City scientist develops non-invasive device to detect anaemia and moreCity scientist develops non-invasive device to detect anaemia and more
A city-based scientist has developed a device that will detect anaemia, jaundice and oxygen level in a fraction of a second without using a needle. Developed and tried in Kolkata, the device has got Indian patent and is waiting for the international one. The office of Prime Minister Narendra Modi, who stresses on ‘Make in India’, enquired about the device a couple of days ago.

A brainchild of Dr Samir Kumar Pal, a scientist at S N Bose National Centre for Basic Sciences (SNBNCBS) Kolkata, the instrument can read levels of bilirubin and red cells in 0.5 seconds with a light-beam on the eye. Based on spectrometry that uses wavelength of reflection of light, the clinical trial was conducted at the haematology department of NRS Medical College and Hospital.

“The white LED light is beamed in the conjunctiva and not the retina and therefore absolutely safe for the eye. We are ready with the Indian patent and going to apply for international patent,” said Pal who is with the department of chemical, biological and molecular sciences at SNBNCBS.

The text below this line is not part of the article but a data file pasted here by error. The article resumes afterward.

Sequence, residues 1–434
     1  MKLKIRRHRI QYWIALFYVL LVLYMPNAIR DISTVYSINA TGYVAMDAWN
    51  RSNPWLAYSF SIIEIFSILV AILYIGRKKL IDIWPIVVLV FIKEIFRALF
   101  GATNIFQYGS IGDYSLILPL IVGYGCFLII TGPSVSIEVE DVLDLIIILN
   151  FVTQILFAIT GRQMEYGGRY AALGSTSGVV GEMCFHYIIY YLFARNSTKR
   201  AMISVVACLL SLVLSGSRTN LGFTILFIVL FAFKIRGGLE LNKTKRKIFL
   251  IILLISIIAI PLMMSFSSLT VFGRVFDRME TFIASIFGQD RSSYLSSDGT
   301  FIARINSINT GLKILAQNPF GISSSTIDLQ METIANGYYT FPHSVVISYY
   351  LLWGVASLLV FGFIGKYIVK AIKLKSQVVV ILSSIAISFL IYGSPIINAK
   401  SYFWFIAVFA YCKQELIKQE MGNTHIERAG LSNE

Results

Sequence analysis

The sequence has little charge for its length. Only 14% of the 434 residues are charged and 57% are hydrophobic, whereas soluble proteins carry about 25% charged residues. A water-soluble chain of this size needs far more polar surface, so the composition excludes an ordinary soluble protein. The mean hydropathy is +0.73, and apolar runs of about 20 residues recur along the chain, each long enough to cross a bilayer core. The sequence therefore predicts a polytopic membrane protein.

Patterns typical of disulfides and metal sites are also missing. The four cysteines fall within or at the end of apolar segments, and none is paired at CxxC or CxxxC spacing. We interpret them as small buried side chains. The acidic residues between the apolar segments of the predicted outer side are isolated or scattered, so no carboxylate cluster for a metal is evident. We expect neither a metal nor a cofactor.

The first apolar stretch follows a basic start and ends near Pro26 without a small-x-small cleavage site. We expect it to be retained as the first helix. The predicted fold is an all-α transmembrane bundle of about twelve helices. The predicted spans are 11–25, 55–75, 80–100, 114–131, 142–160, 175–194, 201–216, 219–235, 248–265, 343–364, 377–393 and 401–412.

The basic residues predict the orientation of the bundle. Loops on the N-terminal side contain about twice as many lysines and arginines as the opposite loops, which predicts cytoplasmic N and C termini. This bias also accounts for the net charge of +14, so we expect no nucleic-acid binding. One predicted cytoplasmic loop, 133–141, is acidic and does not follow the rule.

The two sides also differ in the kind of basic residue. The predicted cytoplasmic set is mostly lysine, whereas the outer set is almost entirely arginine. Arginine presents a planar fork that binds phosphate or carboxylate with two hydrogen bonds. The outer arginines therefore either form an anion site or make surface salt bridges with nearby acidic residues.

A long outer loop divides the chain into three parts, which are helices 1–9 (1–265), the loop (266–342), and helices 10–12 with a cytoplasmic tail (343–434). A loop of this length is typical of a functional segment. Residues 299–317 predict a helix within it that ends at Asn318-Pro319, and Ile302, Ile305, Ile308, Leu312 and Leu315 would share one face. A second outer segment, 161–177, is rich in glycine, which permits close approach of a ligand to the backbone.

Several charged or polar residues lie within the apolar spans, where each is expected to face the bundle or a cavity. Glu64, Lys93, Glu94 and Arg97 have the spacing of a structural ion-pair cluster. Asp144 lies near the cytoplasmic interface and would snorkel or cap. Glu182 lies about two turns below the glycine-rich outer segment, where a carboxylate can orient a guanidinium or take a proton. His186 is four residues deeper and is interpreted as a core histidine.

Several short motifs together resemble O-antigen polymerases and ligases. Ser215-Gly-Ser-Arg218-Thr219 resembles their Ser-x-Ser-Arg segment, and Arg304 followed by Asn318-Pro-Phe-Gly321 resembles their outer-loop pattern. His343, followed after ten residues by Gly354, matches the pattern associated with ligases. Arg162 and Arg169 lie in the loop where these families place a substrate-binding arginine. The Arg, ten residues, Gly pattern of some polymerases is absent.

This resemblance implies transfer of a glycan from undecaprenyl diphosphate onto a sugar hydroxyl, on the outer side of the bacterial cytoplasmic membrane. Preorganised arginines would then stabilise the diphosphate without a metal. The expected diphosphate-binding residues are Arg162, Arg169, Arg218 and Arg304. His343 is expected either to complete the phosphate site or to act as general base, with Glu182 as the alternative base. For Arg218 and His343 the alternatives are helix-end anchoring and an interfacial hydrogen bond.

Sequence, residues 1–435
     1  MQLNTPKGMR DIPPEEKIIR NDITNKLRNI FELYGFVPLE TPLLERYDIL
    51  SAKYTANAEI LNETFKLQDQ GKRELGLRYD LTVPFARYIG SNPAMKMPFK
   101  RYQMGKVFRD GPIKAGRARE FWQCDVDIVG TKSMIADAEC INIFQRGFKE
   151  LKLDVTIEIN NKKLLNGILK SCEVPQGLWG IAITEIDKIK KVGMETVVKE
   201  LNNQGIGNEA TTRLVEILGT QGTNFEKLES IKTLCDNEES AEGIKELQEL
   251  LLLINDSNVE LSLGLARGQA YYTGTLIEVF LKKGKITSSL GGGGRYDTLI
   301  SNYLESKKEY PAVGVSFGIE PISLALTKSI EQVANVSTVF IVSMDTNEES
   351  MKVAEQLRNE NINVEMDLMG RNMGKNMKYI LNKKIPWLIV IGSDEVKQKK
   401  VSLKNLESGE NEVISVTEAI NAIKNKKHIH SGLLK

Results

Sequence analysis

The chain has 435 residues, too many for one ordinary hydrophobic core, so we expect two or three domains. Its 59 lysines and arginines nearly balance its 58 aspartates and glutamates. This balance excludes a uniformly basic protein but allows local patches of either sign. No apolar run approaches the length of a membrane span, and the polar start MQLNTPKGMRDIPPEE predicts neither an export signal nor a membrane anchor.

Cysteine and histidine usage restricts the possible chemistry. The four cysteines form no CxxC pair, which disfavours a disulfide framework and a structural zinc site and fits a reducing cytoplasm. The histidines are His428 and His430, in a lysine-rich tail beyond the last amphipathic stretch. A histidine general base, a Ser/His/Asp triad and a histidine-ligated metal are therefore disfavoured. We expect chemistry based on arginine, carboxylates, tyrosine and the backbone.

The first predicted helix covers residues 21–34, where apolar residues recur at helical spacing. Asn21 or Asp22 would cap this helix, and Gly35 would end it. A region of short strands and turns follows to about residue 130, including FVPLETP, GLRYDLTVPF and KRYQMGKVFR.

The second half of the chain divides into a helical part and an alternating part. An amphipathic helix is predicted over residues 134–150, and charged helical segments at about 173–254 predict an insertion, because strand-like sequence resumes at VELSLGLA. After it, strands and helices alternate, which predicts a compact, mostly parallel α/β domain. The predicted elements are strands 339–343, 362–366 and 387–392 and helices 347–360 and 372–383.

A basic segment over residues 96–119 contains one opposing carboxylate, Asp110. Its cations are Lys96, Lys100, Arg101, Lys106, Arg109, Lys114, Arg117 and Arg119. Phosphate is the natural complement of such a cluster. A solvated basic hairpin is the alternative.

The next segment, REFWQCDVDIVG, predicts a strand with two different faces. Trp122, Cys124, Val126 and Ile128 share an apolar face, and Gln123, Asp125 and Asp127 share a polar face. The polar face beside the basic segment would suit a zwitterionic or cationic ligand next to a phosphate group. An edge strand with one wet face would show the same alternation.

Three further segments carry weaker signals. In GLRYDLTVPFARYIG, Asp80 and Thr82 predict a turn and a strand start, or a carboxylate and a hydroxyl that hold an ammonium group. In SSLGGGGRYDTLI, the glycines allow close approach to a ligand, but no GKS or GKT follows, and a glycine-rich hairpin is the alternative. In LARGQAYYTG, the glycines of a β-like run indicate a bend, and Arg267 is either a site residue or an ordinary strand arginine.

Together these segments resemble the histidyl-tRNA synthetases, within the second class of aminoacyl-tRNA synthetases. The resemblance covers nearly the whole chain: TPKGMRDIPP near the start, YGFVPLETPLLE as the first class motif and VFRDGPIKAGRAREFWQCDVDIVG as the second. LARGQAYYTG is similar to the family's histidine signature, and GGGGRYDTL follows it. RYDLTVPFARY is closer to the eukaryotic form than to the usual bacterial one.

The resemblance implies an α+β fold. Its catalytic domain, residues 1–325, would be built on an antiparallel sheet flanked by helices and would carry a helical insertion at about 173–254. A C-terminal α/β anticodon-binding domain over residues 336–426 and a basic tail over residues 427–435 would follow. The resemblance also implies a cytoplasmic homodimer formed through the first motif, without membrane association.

The device is named AJO (Anaemia Jaundice and Oxygen deficiency). The scientist started working on the project in 2009, and completed the prototype in 2013.While Pal developed the instrument, the validation part was done by Dr Prantar Chakrabarti, haematology head, and his team at NRS.

“We have been using this device for validation in our department. It is a wonderful device that is easy to operate and gives an accurate result. This instrument needs larger validation and hence needs the international patent,” said Chakrabarti.

Capable of conducting 500 tests in a day, the device also shows the report of the test immediately, unlike the traditional tests that takes time in the laboratory. Pegged at approximately at one-time cost of Rs 3 lakh, there is no maintenance or recurring cost and it can be used for around 10 years.